Set upon tranquil acreage in Chandler, Queensland, this site afforded Shaun Lockyer Architects the luxury of creating an elongated, linear floorplan that stretches out across the east-west axis to take advantage of the north-eastern exposure. To further capitalise on the space available, and to create fluidity inside and out, they created an outdoors room defined by white brick “ha-ha” walls. [A “ha-ha” is a recessed landscape design-element that creates a vertical barrier while preserving uninterrupted views of the area beyond.] Combined with a couple of full-height walls featuring large circular apertures, the inclusion of this outdoors room adds depth and intrigue to the property without inhibiting the flow of space and light.
The white brickwork, which defines the entire ground floor, also serves to create the mid-century modern look that the owners wanted. The owners, interested in mid-century modern work, referencing white painted brick specifically, wanted to contextualise the house in the sub-tropics. To this end, the architects proposed a mix of simple modern forms with some playful combinations of timeless materials. They chose a random selection of bricks from PGH Bricks and had them painted in Dulux’s Lexicon Quarter Strength “PCWF4”. Although the use of brick was initiated by the owners referencing a mid-century modern look, it was also an ideal choice as it responds to the local vernacular, which is overwhelmingly brick-veneer construction. Moreover, as brick is renowned for its robust nature and longevity, capable of withstanding the harshest of weather, it’s ideal for a home in the sub-tropics. Painted white, the brickwork provides a fresh, bright contrast to the timber and dark cladding above; a striking juxtaposition that continues inside with crisp white ceilings and walls setting the backdrop for charcoal cabinetry and spectacular mosaic cladding in the kitchen and bathroom. The builders, M2 Construct, were excellent completing the project on time and on budget.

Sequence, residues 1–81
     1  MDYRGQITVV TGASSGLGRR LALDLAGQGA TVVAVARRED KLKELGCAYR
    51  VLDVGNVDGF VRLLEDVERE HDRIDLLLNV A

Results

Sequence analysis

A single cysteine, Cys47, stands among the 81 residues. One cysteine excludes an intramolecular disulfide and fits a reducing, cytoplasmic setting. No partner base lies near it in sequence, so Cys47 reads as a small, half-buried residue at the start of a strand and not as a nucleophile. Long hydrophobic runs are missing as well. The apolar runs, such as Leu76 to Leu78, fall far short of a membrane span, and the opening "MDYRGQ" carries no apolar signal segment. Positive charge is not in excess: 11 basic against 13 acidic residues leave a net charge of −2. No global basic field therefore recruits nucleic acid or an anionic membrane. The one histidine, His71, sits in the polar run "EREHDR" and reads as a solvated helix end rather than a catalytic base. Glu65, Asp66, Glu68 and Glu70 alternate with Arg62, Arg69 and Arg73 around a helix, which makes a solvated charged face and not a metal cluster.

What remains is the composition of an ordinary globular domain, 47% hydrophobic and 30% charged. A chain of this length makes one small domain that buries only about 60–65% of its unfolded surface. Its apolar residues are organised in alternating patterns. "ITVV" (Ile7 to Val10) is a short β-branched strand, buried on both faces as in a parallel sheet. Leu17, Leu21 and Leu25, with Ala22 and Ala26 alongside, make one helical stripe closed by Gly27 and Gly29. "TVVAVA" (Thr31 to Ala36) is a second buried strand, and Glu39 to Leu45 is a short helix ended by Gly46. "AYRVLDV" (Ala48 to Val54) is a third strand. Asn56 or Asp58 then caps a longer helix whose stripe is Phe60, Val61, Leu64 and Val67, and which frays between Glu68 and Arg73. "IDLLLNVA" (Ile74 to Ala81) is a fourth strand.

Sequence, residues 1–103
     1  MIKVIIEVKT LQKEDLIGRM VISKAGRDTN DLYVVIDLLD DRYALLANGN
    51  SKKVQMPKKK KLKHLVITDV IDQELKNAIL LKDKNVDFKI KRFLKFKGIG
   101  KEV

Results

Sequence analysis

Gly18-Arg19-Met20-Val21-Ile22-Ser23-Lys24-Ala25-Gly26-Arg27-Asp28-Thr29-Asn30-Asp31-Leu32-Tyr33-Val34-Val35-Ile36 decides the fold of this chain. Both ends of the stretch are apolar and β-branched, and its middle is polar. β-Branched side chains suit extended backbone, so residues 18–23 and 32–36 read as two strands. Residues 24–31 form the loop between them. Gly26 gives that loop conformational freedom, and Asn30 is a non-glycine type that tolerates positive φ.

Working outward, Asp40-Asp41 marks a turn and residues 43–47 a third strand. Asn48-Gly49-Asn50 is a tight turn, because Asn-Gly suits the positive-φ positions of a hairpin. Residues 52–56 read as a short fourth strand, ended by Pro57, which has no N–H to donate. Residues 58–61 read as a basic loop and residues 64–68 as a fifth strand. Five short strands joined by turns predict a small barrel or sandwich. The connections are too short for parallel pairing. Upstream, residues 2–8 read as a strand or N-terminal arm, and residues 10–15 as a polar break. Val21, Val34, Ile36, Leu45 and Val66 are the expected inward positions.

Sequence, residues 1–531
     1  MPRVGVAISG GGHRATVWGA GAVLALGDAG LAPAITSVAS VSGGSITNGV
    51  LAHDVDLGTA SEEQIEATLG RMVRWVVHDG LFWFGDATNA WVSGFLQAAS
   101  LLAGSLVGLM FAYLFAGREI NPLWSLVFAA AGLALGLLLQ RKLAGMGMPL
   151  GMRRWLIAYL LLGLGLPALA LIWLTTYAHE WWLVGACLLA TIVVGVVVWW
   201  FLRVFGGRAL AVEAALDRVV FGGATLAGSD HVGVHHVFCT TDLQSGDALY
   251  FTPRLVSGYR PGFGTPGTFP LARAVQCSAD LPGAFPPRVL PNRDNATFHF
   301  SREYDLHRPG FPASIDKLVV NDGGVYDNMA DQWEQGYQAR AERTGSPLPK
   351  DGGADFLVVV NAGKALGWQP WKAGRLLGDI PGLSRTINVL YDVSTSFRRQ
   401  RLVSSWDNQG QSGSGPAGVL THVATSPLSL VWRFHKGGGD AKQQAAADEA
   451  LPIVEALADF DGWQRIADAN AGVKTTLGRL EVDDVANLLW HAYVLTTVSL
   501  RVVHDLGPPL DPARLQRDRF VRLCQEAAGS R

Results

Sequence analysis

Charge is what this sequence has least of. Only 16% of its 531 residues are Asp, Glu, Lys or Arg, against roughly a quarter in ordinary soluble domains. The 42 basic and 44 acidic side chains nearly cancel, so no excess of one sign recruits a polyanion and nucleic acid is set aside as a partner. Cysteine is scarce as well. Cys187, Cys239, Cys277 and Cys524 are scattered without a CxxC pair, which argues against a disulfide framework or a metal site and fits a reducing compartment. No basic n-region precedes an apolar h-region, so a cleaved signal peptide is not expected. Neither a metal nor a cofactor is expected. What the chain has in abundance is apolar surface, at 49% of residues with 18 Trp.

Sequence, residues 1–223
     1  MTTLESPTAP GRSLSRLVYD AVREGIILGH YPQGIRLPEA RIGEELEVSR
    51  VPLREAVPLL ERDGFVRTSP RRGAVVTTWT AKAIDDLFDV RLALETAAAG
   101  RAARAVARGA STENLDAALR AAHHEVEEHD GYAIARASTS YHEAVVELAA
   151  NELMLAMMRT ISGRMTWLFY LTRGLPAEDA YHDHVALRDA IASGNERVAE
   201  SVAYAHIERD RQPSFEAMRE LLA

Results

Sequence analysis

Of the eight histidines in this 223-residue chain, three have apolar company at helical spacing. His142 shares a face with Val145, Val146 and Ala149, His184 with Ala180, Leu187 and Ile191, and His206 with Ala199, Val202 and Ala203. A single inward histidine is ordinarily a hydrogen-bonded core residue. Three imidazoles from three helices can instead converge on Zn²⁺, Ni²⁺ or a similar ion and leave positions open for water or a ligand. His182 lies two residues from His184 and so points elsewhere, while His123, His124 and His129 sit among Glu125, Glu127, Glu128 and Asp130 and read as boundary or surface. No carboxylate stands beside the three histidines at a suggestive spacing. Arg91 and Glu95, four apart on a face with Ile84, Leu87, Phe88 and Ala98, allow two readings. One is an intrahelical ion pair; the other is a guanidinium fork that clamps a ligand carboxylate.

Architecturally, this project represents a good example of how with relatively limited means, something interesting can be achieved. The restraint of architectural form and minimal palette offered constraints that made for a better final outcome; while the owners’ appreciation of quality over quantity moved the new build forward.
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